In general, information about utility, cable, or cell phone bills does not count for or against your score, though opting for the Experian Boost product mentioned in an earlier section can bring those payments into the mix.

Deep Subprime (300-500): Car buyers in the lowest credit tier will find it difficult to get a car loan. If they can get one, they'll pay extremely high interest rates. Having a score in this range tells lenders there is considerable risk in extending financing, and there's a good chance the loan will not be repaid.

When you have prime credit, you'll likely be inundated with credit card offers in your mailbox and email. While the temptation to get more credit can be strong, it's smart to be careful. Applying for credit cards will cause a "hard pull" of a credit report, which lowers your score by a few points. Adding additional amounts of credit will also lower your score, especially if you go on a shopping spree and carry balances on your new cards.

Super Prime (781-850): Shoppers with a credit score that is considered super prime have access to the lowest interest rates, most generous auto loan terms, and special low-interest financing deals offered by automakers. According to Experian, they earn interest rates that are about 1% lower than even prime borrowers, and tend to have lower car payments than borrowers in any other credit class.

To put it simply, the higher your credit score, the lower your interest rate will be, and the less restrictive the loan terms will be. Having a high credit score can save you thousands of dollars on the total cost of your financing. Because of the more generous loan terms offered, borrowers with high credit scores will generally have less chance of owing more on their cars than the vehicle is worth.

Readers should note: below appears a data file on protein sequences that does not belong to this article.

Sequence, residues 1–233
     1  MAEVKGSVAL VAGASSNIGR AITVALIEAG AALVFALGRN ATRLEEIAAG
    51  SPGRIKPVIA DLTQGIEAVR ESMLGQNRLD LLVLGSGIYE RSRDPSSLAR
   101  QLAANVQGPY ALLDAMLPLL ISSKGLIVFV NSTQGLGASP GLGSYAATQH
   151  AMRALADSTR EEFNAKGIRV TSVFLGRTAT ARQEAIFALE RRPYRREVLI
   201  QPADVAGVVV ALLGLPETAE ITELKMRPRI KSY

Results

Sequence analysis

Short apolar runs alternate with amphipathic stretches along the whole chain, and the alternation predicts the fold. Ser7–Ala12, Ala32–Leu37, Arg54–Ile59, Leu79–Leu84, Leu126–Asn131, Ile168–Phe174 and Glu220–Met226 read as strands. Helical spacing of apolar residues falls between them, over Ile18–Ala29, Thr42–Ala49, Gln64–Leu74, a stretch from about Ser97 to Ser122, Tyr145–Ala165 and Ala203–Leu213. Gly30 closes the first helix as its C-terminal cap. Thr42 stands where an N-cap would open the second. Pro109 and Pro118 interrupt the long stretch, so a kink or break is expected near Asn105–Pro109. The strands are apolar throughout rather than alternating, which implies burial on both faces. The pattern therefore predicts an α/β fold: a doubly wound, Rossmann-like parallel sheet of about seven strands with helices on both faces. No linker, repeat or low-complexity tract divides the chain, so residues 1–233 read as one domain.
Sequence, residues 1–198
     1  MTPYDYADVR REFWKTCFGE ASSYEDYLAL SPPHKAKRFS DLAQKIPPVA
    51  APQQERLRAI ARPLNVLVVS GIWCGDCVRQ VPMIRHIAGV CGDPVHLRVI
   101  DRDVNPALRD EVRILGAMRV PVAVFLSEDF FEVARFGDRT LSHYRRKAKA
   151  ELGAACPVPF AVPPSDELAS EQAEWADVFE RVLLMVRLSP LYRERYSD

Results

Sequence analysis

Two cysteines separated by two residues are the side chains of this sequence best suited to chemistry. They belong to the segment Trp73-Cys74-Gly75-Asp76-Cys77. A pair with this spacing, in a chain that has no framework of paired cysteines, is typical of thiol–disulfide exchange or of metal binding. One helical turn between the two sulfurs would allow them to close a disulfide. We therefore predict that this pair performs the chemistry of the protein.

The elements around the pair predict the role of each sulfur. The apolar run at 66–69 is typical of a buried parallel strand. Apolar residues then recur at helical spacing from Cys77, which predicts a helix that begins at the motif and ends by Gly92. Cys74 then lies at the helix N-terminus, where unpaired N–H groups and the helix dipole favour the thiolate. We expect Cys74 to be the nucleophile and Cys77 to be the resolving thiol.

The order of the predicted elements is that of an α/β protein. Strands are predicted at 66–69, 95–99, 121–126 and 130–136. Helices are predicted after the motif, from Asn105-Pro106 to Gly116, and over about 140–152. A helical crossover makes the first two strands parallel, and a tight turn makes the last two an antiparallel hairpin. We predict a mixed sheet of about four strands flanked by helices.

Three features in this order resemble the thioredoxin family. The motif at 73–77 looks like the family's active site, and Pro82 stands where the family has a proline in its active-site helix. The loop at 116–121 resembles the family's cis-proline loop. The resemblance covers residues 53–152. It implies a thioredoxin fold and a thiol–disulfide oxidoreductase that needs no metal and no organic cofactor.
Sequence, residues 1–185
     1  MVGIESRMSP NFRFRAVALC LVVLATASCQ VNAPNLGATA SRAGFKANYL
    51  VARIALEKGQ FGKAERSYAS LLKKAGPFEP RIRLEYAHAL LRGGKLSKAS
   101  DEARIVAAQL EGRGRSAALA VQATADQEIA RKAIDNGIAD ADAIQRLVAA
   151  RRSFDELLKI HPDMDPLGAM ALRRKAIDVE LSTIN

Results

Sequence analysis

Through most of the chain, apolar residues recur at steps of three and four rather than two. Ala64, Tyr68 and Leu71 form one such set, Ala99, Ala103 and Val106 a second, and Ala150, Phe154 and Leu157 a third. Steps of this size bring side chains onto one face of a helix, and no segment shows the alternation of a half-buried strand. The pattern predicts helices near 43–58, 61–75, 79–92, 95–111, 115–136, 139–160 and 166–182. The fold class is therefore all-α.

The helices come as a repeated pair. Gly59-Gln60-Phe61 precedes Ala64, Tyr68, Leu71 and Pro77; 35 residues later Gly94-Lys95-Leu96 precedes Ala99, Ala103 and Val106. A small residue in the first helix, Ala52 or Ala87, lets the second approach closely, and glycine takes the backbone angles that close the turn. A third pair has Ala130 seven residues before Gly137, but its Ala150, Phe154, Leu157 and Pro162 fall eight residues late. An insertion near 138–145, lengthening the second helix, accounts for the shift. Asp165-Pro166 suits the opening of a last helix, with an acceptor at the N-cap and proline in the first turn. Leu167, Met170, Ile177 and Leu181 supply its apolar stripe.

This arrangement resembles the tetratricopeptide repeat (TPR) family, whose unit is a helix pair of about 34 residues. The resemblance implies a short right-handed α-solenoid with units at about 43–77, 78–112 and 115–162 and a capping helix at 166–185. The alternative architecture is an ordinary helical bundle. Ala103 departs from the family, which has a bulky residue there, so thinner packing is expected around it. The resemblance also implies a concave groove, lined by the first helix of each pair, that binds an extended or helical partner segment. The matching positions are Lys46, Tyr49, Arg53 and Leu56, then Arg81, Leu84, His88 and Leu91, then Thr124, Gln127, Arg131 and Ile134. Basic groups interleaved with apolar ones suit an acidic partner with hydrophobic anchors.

The same buyer with a credit score in the nonprime category could expect an average interest rate of 7.77%, which would give them a monthly payment of $544, according to our auto loan calculator. They would pay a total of $5,670 over the term of the loan. The total cost of their car would be $35,670.

Each year you are entitled to view your credit reports (not scores) from each of the three major credit bureaus for free, with no strings attached. The only site authorized to provide them is Beware of similarly sounding sites that will charge you to access your reports. The full credit reports you receive from will not include your credit score, though they will offer to provide it for an additional fee. Fortunately, there are many other places to access it for free, so you can avoid the extra charge.

While you can destroy your credit score in a matter of months, improving it takes time and patience. Despite advertisements that promise to improve your score in an instant (for a fee), doing it the right way is a long process. That's one reason it's critical to check your credit scores well before you consider buying a new ride.

A better idea is to pay as much as you can toward your credit card and other debt balances each month. Doing so lowers both the amount of debt reported to the credit bureaus and your utilization of credit. Start by paying the extra on your highest interest rate debt first. That makes the biggest dent by attacking the principal balance. When that card is paid off, start working down the balance on the account with the next-highest interest rate. It might mean making sacrifices other places in your life, but building your credit score will save you money in the long run. 041b061a72